GHOST vulnerability is a buffer overflow condition that can be easily exploited locally and remotely, which makes it extremely dangerous. This vulnerability is named after the GetHOSTbyname function involved in the exploit.
Attackers utilize buffer overflow vulnerabilities like this one by sending specific packets of data to a vulnerable system. The attack allows the attacker to execute arbitrary code and take control of the victim’s vulnerable machine.
Unfortunately, the vulnerability exists in the GNU C Library (glibc), a code library originally released in 2000, meaning it has been widely distributed. Many derivative programs utilize the glibc to carry out common tasks. Although an update released by Linux in 2013 mitigated this vulnerability, most systems and products have not installed the patch.
What Can I Do About GHOST Vulnerability?
Like with any vulnerability, the best way to mitigate GHOST vulnerability is to identify vulnerable systems, prioritize the remediation process based on asset criticality, and deploy patches. You should keep a current inventory of devices, operating systems, and applications in your network so that you can answer the question ‘am I vulnerable?” before some bad actor answers it for you.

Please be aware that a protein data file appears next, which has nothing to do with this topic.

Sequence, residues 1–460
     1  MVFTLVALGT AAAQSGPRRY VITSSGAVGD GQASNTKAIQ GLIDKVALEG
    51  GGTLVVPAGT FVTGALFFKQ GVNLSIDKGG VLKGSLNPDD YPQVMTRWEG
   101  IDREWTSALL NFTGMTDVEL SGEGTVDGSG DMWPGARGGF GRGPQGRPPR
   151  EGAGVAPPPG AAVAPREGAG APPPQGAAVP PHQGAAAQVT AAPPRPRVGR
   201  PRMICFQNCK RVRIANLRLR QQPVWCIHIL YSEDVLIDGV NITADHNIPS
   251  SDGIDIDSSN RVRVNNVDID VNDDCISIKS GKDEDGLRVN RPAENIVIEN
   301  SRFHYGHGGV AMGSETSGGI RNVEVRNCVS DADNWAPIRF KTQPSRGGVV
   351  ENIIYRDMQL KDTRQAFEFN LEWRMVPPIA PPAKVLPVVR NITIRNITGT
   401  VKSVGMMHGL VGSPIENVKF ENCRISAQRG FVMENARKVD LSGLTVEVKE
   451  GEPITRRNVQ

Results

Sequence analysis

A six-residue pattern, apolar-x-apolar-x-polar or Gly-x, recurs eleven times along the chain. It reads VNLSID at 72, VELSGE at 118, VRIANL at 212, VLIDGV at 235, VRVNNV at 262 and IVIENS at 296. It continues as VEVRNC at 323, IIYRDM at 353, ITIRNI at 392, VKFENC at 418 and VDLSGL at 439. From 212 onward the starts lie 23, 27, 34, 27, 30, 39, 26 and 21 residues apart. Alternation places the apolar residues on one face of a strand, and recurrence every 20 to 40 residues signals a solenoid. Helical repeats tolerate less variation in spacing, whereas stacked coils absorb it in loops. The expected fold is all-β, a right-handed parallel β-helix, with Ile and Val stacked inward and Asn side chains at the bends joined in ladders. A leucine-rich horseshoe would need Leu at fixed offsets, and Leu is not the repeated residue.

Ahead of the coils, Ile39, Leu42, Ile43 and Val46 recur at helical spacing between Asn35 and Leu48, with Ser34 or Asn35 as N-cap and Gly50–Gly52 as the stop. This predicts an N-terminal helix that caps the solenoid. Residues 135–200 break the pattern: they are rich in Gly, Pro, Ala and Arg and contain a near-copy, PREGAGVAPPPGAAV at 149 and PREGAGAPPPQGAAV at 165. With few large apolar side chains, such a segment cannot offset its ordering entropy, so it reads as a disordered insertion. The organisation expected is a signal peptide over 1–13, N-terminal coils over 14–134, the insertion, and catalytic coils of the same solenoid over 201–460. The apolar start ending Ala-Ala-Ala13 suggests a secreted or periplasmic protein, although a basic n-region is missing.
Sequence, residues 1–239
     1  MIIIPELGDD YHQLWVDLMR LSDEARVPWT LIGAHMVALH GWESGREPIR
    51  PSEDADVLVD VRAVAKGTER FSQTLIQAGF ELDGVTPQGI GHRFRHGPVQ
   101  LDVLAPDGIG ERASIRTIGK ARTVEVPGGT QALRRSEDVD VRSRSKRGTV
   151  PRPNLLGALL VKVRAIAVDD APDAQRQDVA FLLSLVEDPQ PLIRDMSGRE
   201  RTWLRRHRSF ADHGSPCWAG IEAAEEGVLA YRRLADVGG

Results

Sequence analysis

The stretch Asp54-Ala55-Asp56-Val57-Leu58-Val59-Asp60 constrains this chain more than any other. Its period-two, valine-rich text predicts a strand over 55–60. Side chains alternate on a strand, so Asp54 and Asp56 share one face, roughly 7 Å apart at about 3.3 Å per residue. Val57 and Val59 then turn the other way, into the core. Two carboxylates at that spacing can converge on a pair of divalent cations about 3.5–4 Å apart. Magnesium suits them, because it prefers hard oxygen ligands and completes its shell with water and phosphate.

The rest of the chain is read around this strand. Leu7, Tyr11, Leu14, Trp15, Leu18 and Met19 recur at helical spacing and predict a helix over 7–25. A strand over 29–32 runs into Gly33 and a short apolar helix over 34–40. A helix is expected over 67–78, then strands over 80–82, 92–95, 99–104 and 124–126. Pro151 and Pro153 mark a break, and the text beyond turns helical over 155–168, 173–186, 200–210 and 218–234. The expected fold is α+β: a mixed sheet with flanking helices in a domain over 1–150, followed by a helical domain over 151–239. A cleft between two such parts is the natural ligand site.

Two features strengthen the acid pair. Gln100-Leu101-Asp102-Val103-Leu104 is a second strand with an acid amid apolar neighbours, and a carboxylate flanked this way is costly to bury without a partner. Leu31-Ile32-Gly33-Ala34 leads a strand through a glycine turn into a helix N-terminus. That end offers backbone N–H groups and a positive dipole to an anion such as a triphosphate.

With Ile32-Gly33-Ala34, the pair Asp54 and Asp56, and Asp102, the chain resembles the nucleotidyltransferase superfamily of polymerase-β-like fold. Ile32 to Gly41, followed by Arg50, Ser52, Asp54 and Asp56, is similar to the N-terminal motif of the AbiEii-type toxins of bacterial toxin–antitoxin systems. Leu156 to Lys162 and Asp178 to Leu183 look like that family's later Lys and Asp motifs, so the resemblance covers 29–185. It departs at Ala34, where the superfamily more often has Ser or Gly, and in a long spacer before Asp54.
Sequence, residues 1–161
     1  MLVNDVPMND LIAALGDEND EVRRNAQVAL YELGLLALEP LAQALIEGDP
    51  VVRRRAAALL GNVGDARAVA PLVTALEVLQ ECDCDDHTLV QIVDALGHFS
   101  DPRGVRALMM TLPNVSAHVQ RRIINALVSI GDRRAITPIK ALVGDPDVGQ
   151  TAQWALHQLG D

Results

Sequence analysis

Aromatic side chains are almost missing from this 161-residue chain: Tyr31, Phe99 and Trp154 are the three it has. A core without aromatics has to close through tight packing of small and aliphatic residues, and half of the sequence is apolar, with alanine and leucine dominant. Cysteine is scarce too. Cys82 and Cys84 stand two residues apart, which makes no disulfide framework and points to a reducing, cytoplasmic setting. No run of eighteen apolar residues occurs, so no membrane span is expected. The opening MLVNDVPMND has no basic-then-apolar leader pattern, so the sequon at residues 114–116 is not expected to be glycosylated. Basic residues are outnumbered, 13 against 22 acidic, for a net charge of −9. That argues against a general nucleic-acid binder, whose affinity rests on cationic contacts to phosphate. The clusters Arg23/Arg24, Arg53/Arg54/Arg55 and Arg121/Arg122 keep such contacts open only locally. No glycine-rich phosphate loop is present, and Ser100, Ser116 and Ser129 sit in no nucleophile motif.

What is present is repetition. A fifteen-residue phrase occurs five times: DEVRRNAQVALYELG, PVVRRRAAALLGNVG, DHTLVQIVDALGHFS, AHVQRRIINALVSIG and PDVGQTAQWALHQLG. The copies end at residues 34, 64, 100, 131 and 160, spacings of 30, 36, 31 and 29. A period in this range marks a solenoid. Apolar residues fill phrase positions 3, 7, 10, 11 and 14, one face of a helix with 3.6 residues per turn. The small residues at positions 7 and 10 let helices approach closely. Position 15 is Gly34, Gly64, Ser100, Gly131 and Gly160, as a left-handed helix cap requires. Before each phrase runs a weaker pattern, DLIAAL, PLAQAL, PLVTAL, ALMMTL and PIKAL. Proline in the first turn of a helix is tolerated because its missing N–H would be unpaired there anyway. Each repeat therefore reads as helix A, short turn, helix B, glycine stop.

AlienVault Unified Security Management (USM) can also help. USM provides asset discovery, vulnerability assessment, threat detection (IDS), behavioral monitoring and SIEM in a single console, plus weekly threat intelligence updates developed by the AlienVault Labs security research team.
USM can scan your network to identify assets with the GHOST vulnerability, making it easy for you to identify systems that need to be patched and prioritize remediation.
Not only can USM identify vulnerable systems, it can also help you detect attempted exploits of the vulnerability. Within hours of the discovery of the GHOST vulnerability, the AlienVault Labs team pushed updated correlation directives to the USM platform, enabling users to detect attackers attempting to exploit it.
USM also checks the IP information against the Open Threat Exchange (OTX), the largest crowd-sourced threat intelligence exchange. In the example below, you can see details from OTX on the reputation of an IP, including any malicious activities associated with it.
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